Overtourism and Aspen: The more, the wearier?
Powder pilgrims make their way to the popular Highland Bowl.
If you and I have had a drink together lately, you may have noticed I’ve been complaining about Aspen—a lot. From the introduction of the Ikon Pass to the campaign over Lift 1A to the unceremonious boot of Paradise Bakery, $120 crepes, parking rates and road and trail traffic, it feels like there’s a whole lot to gripe about.
After millions of dollars spent on marketing Aspen as a mountain paradise, Aspen is showing signs of being loved to death. Visits to the Maroon Bells have nearly doubled in the last five years; 2019 was the busiest ski season in 20 years and community grumbling has reached a noticeable new decibel. Some may say Aspen is not nearly “full,” but despite numbers, when “tourism impacts the perceived quality of life in a negative way,” that’s the definition of a phenomenon called overtourism, according to the World Tourism Organization. Simply put, Aspen is falling victim to its own success. A no-ceiling-is-the-limit plan threatens to cannibalize what made Aspen so beloved in the first place—its spirited people and wild places—and it has many people wondering, “How much more tourism takeover can Aspen take?”
Like the rest of the world’s most beautiful destinations, tourism in Aspen is growing at a steady rate, and is set to increase even more as globally middle classes continue to grow and spend money on travel, and millennials are lured, in part by social media. Travelers from China, Brazil and India are just now discovering new destinations in what were once considered remote places, like Aspen.
As a travel journalist, I have seen harbingers of what may come to Aspen when the community grows almost five times its local size during its winter and summer high seasons. In places like Amsterdam, London and Paris, I’ve also seen a lot of new paths forward to make travel sustainable for the industry and for the people and the place itself, by putting the community first.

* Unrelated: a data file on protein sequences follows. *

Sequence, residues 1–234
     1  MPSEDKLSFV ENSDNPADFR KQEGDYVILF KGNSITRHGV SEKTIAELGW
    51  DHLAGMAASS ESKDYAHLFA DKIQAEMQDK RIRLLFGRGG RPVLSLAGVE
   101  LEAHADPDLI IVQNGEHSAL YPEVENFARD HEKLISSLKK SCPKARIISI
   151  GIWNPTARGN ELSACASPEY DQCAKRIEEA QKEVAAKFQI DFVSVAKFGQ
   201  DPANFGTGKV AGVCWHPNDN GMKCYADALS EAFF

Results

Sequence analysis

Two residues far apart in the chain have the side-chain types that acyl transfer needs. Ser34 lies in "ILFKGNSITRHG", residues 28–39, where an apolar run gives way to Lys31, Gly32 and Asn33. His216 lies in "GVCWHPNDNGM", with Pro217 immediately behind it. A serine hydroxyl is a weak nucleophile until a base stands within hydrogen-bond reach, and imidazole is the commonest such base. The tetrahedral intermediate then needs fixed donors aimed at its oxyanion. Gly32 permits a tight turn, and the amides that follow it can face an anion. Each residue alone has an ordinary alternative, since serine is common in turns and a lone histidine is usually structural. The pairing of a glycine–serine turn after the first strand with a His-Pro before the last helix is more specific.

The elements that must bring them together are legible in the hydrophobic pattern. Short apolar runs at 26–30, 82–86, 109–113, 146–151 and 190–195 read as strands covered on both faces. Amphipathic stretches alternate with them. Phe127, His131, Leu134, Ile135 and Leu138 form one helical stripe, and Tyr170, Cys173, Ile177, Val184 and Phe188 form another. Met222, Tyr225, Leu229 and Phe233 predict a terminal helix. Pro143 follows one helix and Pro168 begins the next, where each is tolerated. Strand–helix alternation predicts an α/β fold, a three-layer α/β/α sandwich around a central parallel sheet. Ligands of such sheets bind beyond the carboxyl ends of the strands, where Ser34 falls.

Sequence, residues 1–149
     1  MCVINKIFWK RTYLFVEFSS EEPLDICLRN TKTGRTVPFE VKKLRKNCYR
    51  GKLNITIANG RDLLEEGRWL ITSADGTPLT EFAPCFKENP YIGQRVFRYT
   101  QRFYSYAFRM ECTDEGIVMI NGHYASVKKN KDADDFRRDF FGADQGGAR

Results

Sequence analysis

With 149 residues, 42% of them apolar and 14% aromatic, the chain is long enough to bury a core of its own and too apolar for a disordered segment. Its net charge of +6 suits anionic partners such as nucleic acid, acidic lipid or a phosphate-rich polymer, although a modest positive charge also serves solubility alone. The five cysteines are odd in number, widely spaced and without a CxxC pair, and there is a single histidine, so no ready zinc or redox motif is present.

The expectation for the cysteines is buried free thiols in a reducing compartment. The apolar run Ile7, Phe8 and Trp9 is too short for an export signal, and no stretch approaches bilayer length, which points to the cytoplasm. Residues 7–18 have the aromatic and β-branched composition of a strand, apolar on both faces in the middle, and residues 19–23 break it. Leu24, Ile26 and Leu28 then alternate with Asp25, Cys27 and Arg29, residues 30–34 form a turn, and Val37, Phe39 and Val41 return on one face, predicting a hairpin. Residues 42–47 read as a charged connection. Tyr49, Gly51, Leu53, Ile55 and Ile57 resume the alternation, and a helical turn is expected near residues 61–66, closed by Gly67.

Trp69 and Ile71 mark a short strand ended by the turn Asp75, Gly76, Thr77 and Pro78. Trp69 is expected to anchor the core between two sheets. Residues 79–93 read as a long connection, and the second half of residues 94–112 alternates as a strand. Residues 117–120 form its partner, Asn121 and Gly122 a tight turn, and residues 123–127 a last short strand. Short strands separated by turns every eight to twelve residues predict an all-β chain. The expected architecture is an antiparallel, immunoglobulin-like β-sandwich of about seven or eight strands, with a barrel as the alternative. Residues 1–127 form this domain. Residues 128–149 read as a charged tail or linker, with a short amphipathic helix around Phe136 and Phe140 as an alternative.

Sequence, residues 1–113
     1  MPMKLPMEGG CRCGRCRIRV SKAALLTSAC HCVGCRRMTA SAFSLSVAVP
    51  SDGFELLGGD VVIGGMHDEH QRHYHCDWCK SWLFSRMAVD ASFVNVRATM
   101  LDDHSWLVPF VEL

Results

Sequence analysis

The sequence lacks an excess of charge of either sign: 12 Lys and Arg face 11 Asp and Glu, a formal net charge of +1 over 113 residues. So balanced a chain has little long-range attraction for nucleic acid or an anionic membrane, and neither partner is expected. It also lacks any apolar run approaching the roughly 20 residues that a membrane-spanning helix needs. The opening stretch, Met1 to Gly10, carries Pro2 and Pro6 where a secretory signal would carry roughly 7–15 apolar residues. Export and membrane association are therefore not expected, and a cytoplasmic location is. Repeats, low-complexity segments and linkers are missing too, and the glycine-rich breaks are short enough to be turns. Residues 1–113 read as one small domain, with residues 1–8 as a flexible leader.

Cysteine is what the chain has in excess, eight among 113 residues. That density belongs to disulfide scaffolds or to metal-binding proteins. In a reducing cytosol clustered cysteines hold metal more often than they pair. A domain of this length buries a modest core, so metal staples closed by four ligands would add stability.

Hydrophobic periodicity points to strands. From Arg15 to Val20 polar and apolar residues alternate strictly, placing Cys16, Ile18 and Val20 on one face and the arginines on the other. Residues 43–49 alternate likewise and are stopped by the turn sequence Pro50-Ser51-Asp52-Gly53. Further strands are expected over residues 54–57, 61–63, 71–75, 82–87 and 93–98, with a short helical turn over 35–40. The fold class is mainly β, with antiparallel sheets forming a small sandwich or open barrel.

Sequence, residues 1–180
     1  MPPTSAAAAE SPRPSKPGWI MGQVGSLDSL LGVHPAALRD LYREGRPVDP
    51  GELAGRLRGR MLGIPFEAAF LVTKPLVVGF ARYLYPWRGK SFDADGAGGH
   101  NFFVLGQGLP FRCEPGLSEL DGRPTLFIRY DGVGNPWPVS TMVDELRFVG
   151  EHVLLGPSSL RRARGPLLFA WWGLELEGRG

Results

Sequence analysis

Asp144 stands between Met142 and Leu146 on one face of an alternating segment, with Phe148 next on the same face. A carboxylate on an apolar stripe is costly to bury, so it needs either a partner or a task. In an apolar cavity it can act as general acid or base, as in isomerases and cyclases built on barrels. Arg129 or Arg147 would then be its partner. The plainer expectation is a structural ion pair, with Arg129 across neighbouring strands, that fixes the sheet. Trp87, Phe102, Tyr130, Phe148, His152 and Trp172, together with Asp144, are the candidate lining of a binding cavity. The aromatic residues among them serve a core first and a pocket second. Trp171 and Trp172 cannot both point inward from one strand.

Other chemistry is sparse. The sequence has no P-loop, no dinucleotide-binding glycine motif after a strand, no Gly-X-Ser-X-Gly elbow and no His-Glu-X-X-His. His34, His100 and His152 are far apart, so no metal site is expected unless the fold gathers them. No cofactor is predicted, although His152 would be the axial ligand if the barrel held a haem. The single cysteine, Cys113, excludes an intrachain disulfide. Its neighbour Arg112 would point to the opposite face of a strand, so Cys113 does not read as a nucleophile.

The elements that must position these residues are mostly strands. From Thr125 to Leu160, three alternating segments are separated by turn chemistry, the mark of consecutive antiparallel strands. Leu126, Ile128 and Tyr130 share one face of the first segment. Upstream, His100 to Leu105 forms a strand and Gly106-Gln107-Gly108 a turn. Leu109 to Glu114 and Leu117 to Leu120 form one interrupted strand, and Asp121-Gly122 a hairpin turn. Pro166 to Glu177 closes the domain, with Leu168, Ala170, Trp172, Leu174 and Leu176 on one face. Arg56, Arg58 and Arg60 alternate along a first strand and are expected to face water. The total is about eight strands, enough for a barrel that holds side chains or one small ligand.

Imagine turning all five blocks of Aspen’s downtown into a car-free, pedestrian-only, walkable city like sections of Madrid, Copenhagen and Ghent; or reshaping marketing budgets like they have in Venice, which recently enacted a campaign of “Detourism” that “promotes slow and sustainable tourism, encouraging travelers to go beyond the usual tourist sights.” And lastly, one established way to control tourism is the size of an airport. Remaining a hard-to-get-to place is a natural tactic for managing crowds.
The Aspen Chamber Resort Association, which is tasked with managing tourism efforts in Aspen, has begun to recognize what it calls “overcrowding.” Like the Leave No Trace campaign of the 1980s, in 2019, ACRA instituted a new geotag on its popular Instagram account @aspenco, “Tag Responsibly/Take the Aspen Pledge,” in an effort to not overwhelm certain landmarks. In 2020, ACRA plans to bring together locals for feedback on the direction tourism is taking in Aspen.
Perhaps this could be the beginning of a locally led tourism council found in cities like Barcelona and Cortina, where big projects, funding and growth plans are reviewed and assessed by those who would be most impacted by them.
The measure of successful tourism in Aspen can no longer be determined solely through dollars and “heads on beds”—it should also be a measure of the user experience, of its people’s happiness and of how its culture and environment are protected. In loving Aspen, we must insist tourism moving forward works with the culture, customs, traditions and lives of the people who call it home, instead of the other way around.
Photography by: Tamara Susa